Jason Lo improvises on "Evening News"

In our January No Issue Issue, we put Tune Talk CEO Jason Lo in our What I've Learned spotlight. But we also asked him to do a few things for us—one that involves a piano, and another a guitar.

First we asked Jason to play his hit "Evening News" with this mini-piano-mike-combo we brought to the studio. As you can see above, he gamely tried to play the song on the shrunken instrument.

Then, during our interview, he shared with us an epic story about his treasured Fender guitar that was way too long for the magazine, but way too good to leave out. So here it is: the legendary Jason Lo Guitar Story.

“When my business partner left Fat Boys Records, I opened up the books and we were in the red to the tune of about RM300,000—with no business model. This was scary and daunting. Suppliers would call me every single day.

“I clearly remember that one day, Zaid (my only employee) called me and said, ‘The electricity got cut.’ S**t, man. I told him to look around the studio and to find something to sell. Zaid tells me he’ll call me back. I thought he’d say something like a computer, an extra amplifier or whatever. He calls and says, ‘Your guitar.’

“I had two guitars: a Fender Stratocaster, which is my baby, and a Fender Telecaster, which is a great guitar—American deluxe, beautiful, black. But this guitar was signed by Steve Vai, Joe Satriani and Eric Johnson when I was backstage with them at Rentak Asia. It was also signed by Steve Morse, the guitarist for Deep Purple, when I opened for them in Sepang. I thought, okay, I spent about RM5,000 on this guitar; together with the signatures, I guess it’s worth about nine grand. So I told Zaid that we’ll sell it at Cash Convertors in Kelana Jaya—stupidest decision of my life. I didn’t think of eBay but I wanted the cash that badly.

“So we got there, but I couldn’t go in. I said, ‘Zaid, I’m a superstar. How can I go in? If I go in, people will see me. They’ll say, “Lo what are you doing here? Lo, what happened?”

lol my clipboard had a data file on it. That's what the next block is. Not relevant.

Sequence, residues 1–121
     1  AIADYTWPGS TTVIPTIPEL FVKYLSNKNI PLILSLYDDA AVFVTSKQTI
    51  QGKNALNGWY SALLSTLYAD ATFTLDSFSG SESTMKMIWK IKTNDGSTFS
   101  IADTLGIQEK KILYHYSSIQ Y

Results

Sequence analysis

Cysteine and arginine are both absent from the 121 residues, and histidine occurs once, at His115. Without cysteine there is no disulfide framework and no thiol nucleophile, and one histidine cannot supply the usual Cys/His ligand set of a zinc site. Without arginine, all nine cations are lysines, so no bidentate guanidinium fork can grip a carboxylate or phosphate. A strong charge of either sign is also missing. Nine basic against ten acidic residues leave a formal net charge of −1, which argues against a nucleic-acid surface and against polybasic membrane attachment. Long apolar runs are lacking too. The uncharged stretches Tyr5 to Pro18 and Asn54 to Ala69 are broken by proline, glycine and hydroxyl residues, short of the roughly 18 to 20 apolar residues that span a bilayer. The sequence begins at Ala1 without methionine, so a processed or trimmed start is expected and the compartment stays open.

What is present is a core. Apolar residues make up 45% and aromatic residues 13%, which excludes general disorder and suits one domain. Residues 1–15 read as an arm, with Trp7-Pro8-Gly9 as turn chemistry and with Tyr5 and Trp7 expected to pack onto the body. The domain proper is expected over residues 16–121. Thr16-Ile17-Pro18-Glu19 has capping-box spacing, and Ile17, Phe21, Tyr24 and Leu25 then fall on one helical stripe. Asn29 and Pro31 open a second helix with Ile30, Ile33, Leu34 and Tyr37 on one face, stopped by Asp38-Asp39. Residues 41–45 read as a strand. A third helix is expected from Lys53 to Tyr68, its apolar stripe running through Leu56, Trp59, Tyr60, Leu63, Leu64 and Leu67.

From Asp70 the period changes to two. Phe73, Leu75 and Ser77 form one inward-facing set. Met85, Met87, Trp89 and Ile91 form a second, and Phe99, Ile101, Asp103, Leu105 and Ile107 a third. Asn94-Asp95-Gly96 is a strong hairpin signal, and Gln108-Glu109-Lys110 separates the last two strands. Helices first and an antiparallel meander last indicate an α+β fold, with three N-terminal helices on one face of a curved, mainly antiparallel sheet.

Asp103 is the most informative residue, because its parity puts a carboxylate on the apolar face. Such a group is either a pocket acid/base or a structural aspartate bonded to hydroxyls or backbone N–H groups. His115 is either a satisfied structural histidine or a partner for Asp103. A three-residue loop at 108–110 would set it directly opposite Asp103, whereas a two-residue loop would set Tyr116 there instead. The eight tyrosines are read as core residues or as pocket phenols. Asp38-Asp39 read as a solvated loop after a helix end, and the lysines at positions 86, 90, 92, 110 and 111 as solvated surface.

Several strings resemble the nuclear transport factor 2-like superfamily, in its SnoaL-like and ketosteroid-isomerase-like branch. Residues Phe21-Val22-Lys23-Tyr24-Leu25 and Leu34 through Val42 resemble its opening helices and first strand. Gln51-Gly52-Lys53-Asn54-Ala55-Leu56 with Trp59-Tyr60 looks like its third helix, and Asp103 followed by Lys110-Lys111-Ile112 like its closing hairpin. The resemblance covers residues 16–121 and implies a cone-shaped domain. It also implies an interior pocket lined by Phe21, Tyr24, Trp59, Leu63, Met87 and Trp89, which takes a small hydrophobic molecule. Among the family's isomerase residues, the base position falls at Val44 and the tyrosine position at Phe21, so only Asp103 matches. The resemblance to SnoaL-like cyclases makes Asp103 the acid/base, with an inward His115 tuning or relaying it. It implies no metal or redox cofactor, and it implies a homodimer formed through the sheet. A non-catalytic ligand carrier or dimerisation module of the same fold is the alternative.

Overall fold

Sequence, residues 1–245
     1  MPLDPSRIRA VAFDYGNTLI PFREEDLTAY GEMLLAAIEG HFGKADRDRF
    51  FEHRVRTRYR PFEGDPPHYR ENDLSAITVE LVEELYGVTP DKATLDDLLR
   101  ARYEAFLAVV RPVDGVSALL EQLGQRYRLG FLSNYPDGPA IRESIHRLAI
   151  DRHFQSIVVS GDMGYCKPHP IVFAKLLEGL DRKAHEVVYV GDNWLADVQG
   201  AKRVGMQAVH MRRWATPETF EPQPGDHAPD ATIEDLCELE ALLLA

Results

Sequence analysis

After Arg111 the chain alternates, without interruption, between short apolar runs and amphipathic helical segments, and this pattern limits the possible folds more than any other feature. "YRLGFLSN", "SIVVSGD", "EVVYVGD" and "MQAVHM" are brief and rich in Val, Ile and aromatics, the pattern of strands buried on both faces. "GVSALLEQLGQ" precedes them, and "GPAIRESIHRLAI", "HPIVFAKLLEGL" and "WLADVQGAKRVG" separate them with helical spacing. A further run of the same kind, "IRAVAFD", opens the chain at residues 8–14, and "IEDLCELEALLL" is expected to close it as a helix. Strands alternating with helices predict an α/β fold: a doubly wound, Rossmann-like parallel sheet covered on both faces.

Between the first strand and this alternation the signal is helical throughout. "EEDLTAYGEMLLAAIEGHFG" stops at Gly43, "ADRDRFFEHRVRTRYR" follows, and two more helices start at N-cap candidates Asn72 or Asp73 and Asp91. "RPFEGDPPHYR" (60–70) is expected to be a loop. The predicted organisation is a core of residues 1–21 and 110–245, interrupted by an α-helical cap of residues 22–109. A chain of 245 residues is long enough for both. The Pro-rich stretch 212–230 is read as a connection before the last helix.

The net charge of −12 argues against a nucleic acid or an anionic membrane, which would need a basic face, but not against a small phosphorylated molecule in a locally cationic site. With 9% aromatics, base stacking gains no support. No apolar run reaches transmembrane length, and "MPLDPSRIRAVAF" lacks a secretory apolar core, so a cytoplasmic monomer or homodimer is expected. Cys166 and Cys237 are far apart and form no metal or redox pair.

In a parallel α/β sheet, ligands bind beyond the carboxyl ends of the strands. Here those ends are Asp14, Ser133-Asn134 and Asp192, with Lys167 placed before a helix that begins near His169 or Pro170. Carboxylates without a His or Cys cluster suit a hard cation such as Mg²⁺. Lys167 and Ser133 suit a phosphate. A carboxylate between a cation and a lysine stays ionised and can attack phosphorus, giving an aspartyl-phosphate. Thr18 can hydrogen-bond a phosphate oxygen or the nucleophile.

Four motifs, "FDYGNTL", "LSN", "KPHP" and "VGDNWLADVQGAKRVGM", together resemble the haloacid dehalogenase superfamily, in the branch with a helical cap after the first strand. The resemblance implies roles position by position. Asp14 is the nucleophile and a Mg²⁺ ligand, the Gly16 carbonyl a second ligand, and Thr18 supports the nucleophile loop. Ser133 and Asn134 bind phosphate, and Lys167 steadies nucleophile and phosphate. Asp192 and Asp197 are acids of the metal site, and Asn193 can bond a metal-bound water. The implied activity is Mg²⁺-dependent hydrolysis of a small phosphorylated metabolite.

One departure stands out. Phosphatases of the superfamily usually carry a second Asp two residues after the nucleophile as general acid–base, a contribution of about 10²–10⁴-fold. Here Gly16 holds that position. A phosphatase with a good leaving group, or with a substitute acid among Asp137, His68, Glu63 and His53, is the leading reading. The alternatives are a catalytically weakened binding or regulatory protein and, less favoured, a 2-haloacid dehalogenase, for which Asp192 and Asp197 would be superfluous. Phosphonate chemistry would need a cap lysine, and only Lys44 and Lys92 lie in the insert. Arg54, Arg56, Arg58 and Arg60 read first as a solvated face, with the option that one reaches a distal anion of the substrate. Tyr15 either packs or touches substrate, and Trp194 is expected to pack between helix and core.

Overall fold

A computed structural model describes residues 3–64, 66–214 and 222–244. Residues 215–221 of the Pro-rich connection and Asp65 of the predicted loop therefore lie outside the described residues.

“Anyway, Zaid walks in and then comes out with the guitar. He tells me to leave. I asked him what’s wrong. He tells me to go. ‘No, what’s wrong?’ He says they won’t give nine grand for it—they’ll give 900.

“I was pissed. I was in a rage. I yelled, ‘GO IN THERE AND SELL IT. I DON’T WANT TO SEE THAT GUITAR ANYMORE.’

“He went in and it rained. I swear it rained only on my car. I sat in the car and it rained, and I started crying. I cried my eyes off. I don’t know how I got to this position. Too proud to go to my dad. I had to make it on my own. Zaid came back, and I wiped my tears.

“I said to Zaid, ‘Here’s RM200 to pay the electricity; here’s RM200 to pay the phone, just in case it gets cut; RM300 is for you, Zaid, because you have not been paid (I didn’t know what he was doing with me. He wanted me to produce his album, that’s what it was).’ With the last RM200, I told him that we’re going to Subang Jaya for a buffet.

“We rock up to the Subang Sheraton hotel, and the guy there says, ‘Hi Lo.’ I reply, ‘Dude, it’s 5.45PM and I want to eat buffet. But he says the buffet doesn’t open until 6PM. I remember saying, ‘Don’t f**k with me today. I’ve had a bad day.’ He looks at the RM200 in my hand—the buffet actually cost RM99++—. I just said, ‘C’mon man.’ He could see tears in my eyes. He just took my money and said, ‘Okay. ’ Zaid and I went in and we whacked that buffet. We ate like kings.

“Somehow, after that experience, some other things happened. Things got better.”

Interviewed by Eugene Phua. Videographer: Julien Bernstein.

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